How is the periodic table like the map you used on your last road trip? In this lesson, you will be introduced to the periodic table, the road map of chemists. We will discuss how the elements are organized and how you can use this organization to identify some of their major physical properties.
7. Atomic and Ionic Radii: Trends Among Groups and Periods of the Periodic Table
Atoms are VERY tiny. How do we measure their size? This lesson will explain how the size of an atom is measured and teach you how to predict the relative size of an atom based on where it is located on the periodic table.
8. Ionization Energy: Trends Among Groups and Periods of the Periodic Table
Do you know someone who has undergone radiation as a form of cancer treatment? Have you ever thought about why X-rays have health risks? Watch the video to find out what these types of radiation are really doing to atoms, define ionization energy and identify ionization trends on the periodic table.
9. Electronegativity: Trends Among Groups and Periods of the Periodic Table
How is fluorine like a child that doesn't share his or her toys? Find out in this video on electronegativity where we will discuss group and periodic trends among the elements.
10. The Diagonal Relationship, Metallic Character, and Boiling Point
What may have once seemed like a bunch of random squares with letters in them is now shaping up to be one very organized chemistry reference. In this lesson you will discover three other trends that are found on the periodic table: the diagonal relationship, trends in metallic character, and trends in boiling point.
11. Quantum Theory: Definition & Examples
After watching this lesson you will be able to explain what quantum theory is, including some key principles and scenarios, and list some applications of quantum theory. A short quiz will follow..
12. Types of Radioactive Decay and Their Effect on the Nucleus
What is meant by the term 'radioactive'? In this lesson we will break down the three main types of nuclear decay particles and discuss their composition, their effect on the nucleus, and their applications.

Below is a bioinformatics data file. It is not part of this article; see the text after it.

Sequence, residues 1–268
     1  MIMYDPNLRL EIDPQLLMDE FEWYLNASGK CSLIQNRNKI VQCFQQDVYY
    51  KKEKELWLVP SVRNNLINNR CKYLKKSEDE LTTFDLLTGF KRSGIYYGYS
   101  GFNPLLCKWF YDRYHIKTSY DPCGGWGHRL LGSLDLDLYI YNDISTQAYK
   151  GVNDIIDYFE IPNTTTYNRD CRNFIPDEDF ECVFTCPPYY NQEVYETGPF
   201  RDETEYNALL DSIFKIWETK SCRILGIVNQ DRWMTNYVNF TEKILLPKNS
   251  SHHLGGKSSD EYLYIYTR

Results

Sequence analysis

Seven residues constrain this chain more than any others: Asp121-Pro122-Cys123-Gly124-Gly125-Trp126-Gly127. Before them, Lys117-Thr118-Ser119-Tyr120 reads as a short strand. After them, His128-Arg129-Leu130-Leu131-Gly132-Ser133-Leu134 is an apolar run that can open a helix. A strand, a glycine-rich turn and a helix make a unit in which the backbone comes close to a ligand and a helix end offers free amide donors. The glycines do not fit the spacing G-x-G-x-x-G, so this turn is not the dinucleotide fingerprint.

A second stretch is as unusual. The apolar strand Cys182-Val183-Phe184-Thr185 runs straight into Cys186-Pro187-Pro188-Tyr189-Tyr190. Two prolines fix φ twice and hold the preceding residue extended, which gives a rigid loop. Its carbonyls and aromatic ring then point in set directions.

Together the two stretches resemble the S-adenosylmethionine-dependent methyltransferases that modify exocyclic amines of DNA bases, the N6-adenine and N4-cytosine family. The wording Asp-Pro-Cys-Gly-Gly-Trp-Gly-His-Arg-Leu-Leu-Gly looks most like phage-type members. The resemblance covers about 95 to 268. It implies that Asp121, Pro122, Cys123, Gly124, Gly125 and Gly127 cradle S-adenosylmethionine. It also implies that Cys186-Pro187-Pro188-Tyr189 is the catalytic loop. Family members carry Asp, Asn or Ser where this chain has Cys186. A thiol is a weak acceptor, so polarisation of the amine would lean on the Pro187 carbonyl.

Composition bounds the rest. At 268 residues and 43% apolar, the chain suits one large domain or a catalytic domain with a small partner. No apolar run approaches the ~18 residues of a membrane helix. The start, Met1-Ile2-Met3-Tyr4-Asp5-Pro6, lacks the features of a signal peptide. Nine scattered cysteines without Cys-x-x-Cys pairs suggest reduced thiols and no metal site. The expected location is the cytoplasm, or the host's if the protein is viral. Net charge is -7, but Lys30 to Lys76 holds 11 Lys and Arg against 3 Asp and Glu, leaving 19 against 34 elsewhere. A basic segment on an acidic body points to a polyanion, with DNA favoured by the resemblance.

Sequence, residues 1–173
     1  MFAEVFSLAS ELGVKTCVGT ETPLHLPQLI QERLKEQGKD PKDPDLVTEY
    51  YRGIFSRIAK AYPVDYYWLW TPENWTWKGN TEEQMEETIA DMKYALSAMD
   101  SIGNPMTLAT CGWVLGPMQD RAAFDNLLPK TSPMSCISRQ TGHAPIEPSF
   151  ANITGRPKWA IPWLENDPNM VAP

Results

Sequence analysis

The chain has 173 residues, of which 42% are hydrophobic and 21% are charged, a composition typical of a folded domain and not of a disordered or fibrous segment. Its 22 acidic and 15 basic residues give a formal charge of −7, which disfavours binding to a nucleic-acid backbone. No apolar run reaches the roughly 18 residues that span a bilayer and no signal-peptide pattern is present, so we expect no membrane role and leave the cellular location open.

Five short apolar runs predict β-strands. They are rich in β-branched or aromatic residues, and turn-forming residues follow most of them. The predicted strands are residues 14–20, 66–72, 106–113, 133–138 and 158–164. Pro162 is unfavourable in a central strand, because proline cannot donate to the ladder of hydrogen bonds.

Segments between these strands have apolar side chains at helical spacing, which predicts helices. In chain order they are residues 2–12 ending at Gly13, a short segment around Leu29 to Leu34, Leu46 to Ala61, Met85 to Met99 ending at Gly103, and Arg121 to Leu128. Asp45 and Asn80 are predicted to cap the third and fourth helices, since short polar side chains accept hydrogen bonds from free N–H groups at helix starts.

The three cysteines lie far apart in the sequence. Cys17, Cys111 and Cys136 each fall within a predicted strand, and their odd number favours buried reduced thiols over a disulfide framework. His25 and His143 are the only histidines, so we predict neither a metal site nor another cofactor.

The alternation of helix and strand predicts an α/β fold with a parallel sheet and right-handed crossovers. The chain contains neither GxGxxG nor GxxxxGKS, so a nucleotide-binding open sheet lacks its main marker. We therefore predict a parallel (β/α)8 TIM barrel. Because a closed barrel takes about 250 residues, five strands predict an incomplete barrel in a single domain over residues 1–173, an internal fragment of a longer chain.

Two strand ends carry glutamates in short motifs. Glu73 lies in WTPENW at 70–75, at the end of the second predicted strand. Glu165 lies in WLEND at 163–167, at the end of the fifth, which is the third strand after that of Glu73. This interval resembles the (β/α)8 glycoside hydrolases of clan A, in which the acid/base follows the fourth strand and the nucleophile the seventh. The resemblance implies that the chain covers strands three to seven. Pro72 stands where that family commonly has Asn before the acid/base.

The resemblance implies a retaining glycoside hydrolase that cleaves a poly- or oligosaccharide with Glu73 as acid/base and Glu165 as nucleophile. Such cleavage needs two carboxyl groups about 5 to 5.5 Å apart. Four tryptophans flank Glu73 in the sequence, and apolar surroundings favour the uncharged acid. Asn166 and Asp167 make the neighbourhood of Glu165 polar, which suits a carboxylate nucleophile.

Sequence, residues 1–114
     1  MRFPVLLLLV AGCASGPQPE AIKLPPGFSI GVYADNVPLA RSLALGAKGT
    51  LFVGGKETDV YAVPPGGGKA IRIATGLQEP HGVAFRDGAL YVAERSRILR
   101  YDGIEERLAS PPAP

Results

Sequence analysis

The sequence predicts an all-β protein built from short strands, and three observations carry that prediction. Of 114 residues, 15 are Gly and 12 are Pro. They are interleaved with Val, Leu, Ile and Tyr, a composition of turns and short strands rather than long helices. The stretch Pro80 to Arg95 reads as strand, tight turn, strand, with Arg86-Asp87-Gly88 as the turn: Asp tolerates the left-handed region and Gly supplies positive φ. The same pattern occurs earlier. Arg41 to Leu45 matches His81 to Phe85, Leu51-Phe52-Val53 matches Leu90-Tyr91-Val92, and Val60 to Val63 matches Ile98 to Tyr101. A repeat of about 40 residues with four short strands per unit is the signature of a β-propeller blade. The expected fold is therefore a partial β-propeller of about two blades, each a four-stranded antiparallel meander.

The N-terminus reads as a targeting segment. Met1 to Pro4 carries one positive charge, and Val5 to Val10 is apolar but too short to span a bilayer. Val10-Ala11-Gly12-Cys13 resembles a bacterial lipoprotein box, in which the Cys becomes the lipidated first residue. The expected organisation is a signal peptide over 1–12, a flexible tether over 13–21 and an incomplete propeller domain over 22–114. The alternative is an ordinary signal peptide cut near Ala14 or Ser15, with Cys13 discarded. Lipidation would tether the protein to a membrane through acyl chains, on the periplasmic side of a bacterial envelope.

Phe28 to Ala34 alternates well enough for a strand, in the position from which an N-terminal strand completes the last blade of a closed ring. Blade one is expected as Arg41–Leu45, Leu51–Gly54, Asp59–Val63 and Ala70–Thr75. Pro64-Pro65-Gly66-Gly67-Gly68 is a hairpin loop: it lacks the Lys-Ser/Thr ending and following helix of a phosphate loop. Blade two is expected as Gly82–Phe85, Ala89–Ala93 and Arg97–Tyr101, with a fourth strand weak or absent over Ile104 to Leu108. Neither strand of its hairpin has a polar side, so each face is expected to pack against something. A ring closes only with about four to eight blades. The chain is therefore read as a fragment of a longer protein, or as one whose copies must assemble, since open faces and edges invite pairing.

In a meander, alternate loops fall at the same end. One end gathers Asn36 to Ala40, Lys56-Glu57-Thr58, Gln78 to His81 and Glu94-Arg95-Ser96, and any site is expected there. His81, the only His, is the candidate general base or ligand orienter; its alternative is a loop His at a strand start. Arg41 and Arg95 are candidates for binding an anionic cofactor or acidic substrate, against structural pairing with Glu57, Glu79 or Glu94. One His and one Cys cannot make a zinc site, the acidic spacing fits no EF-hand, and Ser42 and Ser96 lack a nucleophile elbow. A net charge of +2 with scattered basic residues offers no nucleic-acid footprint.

13. Half-life: Calculating Radioactive Decay and Interpreting Decay Graphs
What causes a radioactive particle to decay? We'll never really know, but our best guess lies in probability. In this lesson, we are going to focus on the half-life, a way of measuring the probability that a particle will react.
14. Mass-Energy Conversion, Mass Defect and Nuclear Binding Energy
When you hear the term 'nuclear power,' what comes to mind? Do you know where that energy and power is coming from? In this lesson, we are going to zoom in on the nucleus of a helium atom to explain how something as small as a nucleus can produce an extremely large amount of energy.
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Other chapters within the MTEL Chemistry (12): Practice & Study Guide course
- MTEL Chemistry: Scientific Inquiry & Research Methods
- MTEL Chemistry: Properties of Matter
- MTEL Chemistry: Liquids & Solids
- MTEL Chemistry: Gases
- MTEL Chemistry: Chemical Bonding
- MTEL Chemistry: Inorganic & Organic Compounds
- MTEL Chemistry: Chemical Reactions
- MTEL Chemistry: Stoichiometry & Chemical Equations
- MTEL Chemistry: Acids & Bases
- MTEL Chemistry: Reaction Rate
- MTEL Chemistry: Thermodynamics
- MTEL Chemistry: Equilibrium
- MTEL Chemistry: Solutions
- MTEL Chemistry Flashcards